Why Trump Is a Twitter Genius

Donald Trump's savvy Twitter campaign is helping him win the presidential nomination.

Donald Trump has 6.51 million Twitter followers, up from 4.6 million in October. More people follow him than follow New Yorker magazine, BBC News, and the Washington Post, and he is rapidly approaching more followers than the official account of the President of the United States (@potus). His strategy for using the platform to push his political agenda, attack his opponents, and shape the conversation around his campaign is working and it doesn’t look like it’s going to stop anytime soon.


In an October 2015 article on Trump’s use of the medium, the New York Times recounts an interview with the would-be Republican nominee for president in which he “compared his Twitter feed to a newspaper with a single, glorious voice: his own.” In describing his presence on Twitter, Trump argues that it’s given him a voice to confront his rivals. “I have more power than they do. I can let people know that they were a fraud,” he told the Times. “I can let people know that they have no talent, that they didn’t know what they’re doing. You have a voice.”

Trump started his account in 2009 and up to this point has tweeted over 31,000 times. The New York Times reports that the most frequently used words in his tweets are: “great” (more than 700 times), “winner” or “winners” (43), and “loser” or “losers” (34). According to an examination of over 6,000 tweets from Trump’s account by the Washington Post, the 69-year-old billionaire:

  • Tweets, at minimum, 10 times a day. Some days he tweets more than 50 times.
  • Insults people. 11 percent of his tweets have been insults of or attacks on his opponents, the media, the Republican establishment and/or high-profile women.
  • Retweets praise, self-promotion, or a threat or an apology request to someone who wronged him.
  • “We’ve never seen this before in politics,” Mr. Berland, of marketing firm Edelman Berland said. “This is not just a rally that happens once in a while. This is a continuous Trump rally that happens on Twitter at all hours. He fills the Twitter stadium every day.”

    And who is he filling his Twitter stadium with? People like 53-year-old project manager Eric Popkin. “It’s like a sports team. If you are from New York, and you like the Jets or Giants and somebody is bad-mouthing your team, there is kind of knee-jerk reaction to defend them,” Mr. Popkin told the New York Times. “We have an emotional connection to him. It’s good old human nature.” Trump’s followers love his online twitter campaign. His tweets have been retweeted twice as much as Hillary Clinton’s.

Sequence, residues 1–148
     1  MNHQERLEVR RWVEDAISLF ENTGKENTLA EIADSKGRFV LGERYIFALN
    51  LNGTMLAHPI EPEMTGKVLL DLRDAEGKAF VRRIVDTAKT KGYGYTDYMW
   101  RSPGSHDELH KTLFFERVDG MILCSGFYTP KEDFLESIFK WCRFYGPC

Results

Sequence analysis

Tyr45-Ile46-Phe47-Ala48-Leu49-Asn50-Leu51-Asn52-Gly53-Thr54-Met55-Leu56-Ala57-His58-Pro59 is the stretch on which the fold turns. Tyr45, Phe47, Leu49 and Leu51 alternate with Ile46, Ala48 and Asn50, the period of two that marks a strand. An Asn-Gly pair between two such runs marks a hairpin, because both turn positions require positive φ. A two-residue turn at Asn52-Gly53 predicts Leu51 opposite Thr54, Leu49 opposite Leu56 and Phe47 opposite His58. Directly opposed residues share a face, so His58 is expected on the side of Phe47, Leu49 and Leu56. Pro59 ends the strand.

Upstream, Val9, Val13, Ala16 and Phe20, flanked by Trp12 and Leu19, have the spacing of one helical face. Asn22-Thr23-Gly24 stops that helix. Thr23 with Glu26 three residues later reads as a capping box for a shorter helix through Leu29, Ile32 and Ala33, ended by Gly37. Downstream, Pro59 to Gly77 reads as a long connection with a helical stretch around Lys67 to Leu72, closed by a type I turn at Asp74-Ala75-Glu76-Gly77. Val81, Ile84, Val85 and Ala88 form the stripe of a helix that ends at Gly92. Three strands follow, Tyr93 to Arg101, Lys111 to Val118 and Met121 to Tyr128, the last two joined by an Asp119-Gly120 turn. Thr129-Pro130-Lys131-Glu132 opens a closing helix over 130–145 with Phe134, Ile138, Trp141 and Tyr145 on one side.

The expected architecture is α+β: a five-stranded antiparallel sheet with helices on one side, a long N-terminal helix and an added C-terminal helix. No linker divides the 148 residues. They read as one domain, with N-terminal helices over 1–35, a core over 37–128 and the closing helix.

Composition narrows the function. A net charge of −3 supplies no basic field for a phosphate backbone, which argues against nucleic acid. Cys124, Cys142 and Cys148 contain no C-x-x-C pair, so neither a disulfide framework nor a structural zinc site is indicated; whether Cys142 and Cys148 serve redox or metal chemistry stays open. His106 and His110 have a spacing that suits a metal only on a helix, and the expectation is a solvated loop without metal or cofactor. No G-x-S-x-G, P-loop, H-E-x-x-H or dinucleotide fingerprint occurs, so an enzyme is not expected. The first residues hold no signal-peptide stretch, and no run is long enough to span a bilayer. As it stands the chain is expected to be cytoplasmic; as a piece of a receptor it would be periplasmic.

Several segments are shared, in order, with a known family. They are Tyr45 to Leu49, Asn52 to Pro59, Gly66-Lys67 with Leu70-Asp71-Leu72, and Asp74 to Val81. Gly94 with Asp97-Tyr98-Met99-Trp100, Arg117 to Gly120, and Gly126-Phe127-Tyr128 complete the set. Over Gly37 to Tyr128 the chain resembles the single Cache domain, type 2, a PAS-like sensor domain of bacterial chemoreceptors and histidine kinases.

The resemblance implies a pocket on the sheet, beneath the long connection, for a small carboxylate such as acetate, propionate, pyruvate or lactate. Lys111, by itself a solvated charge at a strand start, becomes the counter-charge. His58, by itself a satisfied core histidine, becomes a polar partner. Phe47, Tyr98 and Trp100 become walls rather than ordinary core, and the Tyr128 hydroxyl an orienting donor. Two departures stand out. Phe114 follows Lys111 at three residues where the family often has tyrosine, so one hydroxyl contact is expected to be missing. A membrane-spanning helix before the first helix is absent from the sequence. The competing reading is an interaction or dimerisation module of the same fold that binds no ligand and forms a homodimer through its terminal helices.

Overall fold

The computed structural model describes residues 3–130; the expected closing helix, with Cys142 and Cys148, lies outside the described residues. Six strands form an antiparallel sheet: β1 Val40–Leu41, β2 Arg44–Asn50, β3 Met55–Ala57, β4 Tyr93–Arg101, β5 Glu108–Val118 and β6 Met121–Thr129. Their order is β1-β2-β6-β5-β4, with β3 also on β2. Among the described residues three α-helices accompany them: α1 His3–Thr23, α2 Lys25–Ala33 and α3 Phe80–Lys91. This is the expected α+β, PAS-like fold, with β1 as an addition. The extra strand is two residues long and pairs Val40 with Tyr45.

Like much of Trump’s political campaign, his social media strategy is proving effective, more so than his opponents. It’s hard to argue with six and half million followers, as so many of Trump’s political and social rivals have experienced. And to his credit, Trump has hit the mark with his messaging. His online campaign is resonating with a vast segment of the American population, one that likes vitriol, name-calling, and bullying. As one of his followers described him, Trump is “the Ernest Hemingway of a hundred and forty characters.” I’m not sure I’d go that far, but the self-styled defender of the common man certainly would like to think he is.

    How to vaccinate the world’s most vulnerable? Build global partnerships.

    Pfizer's partnerships strengthen their ability to deliver vaccines in developing countries.

    Susan Silbermann, Global President of Pfizer Vaccines, looks on as a health care worker administers a vaccine in Rwanda. Photo: Courtesy of Pfizer.
    • Community healthcare workers face many challenges in their work, including often traveling far distances to see their clients
    • Pfizer is helping to drive the UN's sustainable development goals through partnerships.
    • Pfizer partnered with AMP and the World Health Organization to develop a training program for healthcare workers.
    Keep reading Show less
    Sponsored

    Who believes fake news? Study identifies 3 groups of people

    Then again, maybe the study is fake news too.

    ANGELA WEISS/AFP/Getty Images
    Surprising Science
    • Recent research challenged study participants to pick real news headlines from fake ones.
    • The results showed that people prone to delusional thinking, religious fundamentalists, and dogmatists tended to believe all news, regardless of plausibility.
    • What can you do to protect yourself and others from fake news?
    Keep reading Show less

    A new study says alcohol changes how the brain creates memories

    A study on flies may hold the key to future addiction treatments.

    Scott Barbour/Getty Images
    Mind & Brain
    • A new study suggests that drinking alcohol can affect how memories are stored away as good or bad.
    • This may have drastic implications for how addiction is caused and how people recall intoxication.
    • The findings may one day lead to a new form of treatment for those suffering from addiction.
    Keep reading Show less

    4 reasons why Apple, Facebook and other tech stocks are plunging

    The so-called FAANG companies have lost more than $700 billion in market value since October.

    (Photo credit should read BERTRAND GUAY/AFP/Getty Images)
    Politics & Current Affairs
    • The shares of major tech companies were performing exceptionally well earlier this year, but those gains got nearly erased on Monday.
    • Overvaluation, the U.S.-China trade war and recent privacy concerns surrounding tech companies are among the reasons for the drops.
    • Apple and Facebook have been hit the hardest in recent weeks, thanks in part to a few major reports from news outlets.
    Keep reading Show less